Active Directory Overview


Keeping track of everything on your network is a time-consuming task. Even on small networks, users tend to have difficulty finding network file and printer shares. Without some kind of network directory, medium and large networks are impossible to manage, and users will often have a difficult time finding resources on the network.

A directory, in the most generic sense, is a comprehensive listing of objects. A phone book is a type of directory that stores information about people, businesses, and government organizations. Phone books typically record names, addresses, and phone numbers. Active Directory is similar to a phone book in several ways, and it is far more flexible. Active Directory will store information about organizations, sites, systems, users, shares, and just about any other network object that you can imagine. Not all objects are as similar to each other as those stored in the phone book, so Active Directory includes the ability to record different types of information about different objects.

Active Directory stores information about network components. It allows clients to find objects within its namespace. The term namespace (also known as console tree) refers to the area in which a network component can be located. For example, the table of contents of this book forms a namespace in which chapters can be resolved to page numbers.

DNS is a namespace that resolves host names to IP addresses. Telephone books provide a namespace for resolving names to telephone numbers. Active Directory provides a namespace for resolving the names of network objects to the objects themselves. Active Directory can resolve a wide range of objects, including users, systems, and services on a network.

Everything that Active Directory tracks is considered an object.

  • An object is any user, system, resource, or service tracked within Active Directory. The generic term object is used because Active Directory is capable of tracking a variety of items, and many objects can share common attributes.*
  • Attributes describe objects in Active Directory. For example, all User objects share attributes to store a user name, full name, and description. Systems are also objects, but they have a separate set of attributes that include a host name, an IP address, and a location.
  • The set of attributes available for any particular object type is called a schema. The schema makes object classes different from each other. Schema information is actually stored within Active Directory, which allows administrators to add attributes to object classes and have them distributed across the network to all corners of the domain, without restarting any domain controllers.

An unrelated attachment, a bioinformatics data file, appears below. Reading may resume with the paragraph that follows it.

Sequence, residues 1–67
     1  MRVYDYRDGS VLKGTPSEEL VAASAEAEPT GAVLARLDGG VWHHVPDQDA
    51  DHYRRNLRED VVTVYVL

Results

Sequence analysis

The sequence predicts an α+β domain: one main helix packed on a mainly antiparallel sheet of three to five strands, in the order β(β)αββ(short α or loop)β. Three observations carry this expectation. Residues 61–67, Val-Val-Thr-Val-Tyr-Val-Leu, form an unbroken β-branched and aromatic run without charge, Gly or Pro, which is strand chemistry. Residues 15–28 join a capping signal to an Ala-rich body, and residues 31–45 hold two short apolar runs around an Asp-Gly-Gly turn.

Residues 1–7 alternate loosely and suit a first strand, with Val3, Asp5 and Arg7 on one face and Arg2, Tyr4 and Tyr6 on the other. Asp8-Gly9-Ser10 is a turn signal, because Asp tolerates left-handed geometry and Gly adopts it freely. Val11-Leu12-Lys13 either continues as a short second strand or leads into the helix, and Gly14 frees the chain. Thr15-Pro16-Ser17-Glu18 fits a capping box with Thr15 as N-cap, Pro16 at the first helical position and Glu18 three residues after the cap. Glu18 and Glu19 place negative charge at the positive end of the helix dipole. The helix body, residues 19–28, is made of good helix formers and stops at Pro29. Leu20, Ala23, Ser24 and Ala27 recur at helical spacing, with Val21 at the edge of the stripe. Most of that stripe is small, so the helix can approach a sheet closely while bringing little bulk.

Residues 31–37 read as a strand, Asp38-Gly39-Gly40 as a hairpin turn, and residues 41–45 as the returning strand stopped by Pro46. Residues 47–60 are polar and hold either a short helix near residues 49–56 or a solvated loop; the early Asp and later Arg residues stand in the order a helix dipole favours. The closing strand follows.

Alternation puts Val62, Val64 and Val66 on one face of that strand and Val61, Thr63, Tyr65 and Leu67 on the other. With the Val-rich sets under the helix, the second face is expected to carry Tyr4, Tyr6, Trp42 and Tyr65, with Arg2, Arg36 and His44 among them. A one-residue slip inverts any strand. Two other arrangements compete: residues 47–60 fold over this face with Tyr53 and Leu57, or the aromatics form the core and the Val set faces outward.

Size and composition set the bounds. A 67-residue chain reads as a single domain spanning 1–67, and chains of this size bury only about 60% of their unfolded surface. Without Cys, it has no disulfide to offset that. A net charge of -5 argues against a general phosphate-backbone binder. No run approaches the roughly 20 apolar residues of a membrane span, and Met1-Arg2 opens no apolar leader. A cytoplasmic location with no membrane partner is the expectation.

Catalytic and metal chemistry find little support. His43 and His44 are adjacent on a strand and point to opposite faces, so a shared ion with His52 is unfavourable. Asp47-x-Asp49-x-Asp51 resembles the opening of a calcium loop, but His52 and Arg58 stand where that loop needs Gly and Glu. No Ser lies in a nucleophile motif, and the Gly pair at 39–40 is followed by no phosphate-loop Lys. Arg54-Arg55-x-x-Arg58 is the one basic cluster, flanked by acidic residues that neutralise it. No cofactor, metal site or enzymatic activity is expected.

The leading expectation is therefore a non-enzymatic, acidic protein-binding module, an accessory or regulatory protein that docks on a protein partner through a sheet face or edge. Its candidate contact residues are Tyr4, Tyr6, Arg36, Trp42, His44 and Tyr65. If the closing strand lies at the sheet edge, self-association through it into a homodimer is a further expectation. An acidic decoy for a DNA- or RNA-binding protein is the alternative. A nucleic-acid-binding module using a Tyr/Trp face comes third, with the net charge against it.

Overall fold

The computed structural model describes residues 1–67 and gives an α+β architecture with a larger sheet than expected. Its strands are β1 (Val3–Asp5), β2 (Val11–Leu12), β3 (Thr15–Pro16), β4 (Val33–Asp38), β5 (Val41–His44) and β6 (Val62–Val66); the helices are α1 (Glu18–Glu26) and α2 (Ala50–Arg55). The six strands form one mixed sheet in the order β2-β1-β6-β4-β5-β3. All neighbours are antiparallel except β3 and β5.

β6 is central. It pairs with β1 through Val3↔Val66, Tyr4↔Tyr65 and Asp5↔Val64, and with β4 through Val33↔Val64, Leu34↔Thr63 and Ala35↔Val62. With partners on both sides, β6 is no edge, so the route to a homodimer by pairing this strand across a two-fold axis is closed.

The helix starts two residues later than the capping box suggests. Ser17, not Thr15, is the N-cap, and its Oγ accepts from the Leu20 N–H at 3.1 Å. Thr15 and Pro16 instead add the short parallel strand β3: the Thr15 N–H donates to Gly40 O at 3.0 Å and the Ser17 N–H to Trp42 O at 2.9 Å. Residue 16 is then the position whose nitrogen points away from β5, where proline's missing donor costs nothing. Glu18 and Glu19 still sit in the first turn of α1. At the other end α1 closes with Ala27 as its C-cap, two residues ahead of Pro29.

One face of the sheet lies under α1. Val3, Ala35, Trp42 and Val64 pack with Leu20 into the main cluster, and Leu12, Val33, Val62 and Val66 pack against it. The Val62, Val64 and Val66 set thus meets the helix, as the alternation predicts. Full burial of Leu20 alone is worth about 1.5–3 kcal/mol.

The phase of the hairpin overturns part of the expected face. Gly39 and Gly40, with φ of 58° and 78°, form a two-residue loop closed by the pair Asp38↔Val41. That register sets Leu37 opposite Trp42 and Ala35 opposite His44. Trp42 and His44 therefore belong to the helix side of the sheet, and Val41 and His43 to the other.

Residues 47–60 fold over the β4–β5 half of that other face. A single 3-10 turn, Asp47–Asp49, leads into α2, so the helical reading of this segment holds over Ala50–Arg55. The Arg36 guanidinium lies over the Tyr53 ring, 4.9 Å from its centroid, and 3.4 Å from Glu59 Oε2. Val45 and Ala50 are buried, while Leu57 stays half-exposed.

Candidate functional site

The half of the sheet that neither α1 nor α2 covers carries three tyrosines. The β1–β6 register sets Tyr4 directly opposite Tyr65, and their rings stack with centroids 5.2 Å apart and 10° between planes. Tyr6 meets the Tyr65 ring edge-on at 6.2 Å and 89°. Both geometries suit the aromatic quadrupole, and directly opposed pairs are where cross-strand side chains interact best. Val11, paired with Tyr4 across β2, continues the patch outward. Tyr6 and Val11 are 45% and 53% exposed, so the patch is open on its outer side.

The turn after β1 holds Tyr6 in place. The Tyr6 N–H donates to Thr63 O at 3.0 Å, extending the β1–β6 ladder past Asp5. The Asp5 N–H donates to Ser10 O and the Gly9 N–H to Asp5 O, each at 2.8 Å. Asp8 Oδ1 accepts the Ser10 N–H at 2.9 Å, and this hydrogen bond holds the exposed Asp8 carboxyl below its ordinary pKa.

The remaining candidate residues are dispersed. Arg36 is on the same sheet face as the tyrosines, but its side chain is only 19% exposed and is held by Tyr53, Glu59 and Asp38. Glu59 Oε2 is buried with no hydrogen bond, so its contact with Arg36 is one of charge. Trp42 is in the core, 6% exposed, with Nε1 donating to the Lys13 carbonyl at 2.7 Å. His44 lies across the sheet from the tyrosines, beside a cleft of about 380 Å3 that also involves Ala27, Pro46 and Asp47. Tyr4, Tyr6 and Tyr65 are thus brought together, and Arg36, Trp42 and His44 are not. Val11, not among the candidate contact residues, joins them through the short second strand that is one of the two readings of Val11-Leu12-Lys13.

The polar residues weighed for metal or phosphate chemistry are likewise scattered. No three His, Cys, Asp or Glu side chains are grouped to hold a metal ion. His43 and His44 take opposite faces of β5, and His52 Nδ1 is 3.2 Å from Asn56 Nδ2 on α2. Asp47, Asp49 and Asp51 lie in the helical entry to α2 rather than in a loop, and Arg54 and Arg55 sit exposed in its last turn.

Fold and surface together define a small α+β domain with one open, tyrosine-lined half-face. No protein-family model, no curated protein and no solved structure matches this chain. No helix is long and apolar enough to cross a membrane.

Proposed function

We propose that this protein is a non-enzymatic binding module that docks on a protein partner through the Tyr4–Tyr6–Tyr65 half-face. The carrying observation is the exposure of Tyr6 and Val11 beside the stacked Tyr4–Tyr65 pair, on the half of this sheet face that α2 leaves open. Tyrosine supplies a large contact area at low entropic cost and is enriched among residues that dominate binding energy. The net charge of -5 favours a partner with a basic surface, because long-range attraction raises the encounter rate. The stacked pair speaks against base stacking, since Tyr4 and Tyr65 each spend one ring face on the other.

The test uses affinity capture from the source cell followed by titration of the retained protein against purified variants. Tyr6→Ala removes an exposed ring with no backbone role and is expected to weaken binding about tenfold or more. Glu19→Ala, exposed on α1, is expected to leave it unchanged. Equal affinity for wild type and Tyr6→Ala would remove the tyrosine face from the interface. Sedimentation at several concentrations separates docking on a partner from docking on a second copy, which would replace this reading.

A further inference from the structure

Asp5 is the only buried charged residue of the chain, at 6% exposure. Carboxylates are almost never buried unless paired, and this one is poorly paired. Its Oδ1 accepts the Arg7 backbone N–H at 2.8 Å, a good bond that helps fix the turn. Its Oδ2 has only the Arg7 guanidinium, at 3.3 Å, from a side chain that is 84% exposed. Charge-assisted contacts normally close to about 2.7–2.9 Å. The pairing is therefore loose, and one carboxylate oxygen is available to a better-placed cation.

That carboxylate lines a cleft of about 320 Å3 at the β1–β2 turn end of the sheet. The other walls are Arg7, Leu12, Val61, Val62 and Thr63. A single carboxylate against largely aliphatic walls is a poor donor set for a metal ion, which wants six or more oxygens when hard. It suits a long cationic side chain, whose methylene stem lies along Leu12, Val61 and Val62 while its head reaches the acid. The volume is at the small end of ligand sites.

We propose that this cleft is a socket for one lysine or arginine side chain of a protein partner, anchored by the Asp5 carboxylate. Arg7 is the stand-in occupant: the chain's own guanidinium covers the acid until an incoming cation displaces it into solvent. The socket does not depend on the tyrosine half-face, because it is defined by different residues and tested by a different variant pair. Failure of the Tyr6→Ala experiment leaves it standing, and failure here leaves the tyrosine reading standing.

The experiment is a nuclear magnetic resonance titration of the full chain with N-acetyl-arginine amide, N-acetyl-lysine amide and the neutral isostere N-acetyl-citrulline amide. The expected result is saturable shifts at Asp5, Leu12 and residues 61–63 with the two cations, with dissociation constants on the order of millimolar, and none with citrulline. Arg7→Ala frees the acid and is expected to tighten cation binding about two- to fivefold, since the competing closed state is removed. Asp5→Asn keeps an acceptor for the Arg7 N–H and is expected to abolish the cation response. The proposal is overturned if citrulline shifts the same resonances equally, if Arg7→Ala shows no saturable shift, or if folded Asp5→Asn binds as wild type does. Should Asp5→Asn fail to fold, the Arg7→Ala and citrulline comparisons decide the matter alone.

• container is a special type of object used to organize Active Directory. It does not represent anything physical, like a user or a system. Instead, it is used to group other objects. Container objects can be nested within other containers.

Each object in an Active Directory has a name. These are not the names that you are accustomed to, like “David” or “Eric.” They are LDAP distinguished names. LDAP distinguished names are complicated, but they allow any object within a directory to be identified uniquely regardless of its type. My distinguished name on the Microsoft network is “/O=Internet/DC=COM/DC=Microsoft/ DC=MSPress/CN=Users/CN=David Lovera”…but you can call me David.

The term tree is used to describe a set of objects within Active Directory. When containers and objects are combined hierarchically, they tend to form branches—hence the term. A related term is contiguous subtree, which refers to an unbroken branch of the tree.

Continuing the tree metaphor, the term forest describes trees that are not part of the same namespace but that share a common schema, configuration, and global catalog. Trees in a forest all trust each other, so objects in these trees are available to all users if the security allows it. Organizations that are divided into multiple domains should group the trees into a single forest.

site is a geographical location, as defined within Active Directory. Sites correspond to logical IP subnets, and as such, they can be used by applications to locate the closest server on a network. Using site information from Active Directory can profoundly reduce the traffic on wide area networks.


Active Directory plays an important role in the future of Windows networking. Administrators must be able to protect their directory from attackers and users, while delegating tasks to other administrators where necessary. This is all possible using the Active Directory security model, which associates an access control list (ACL) with each container, object, and object attribute within the directory.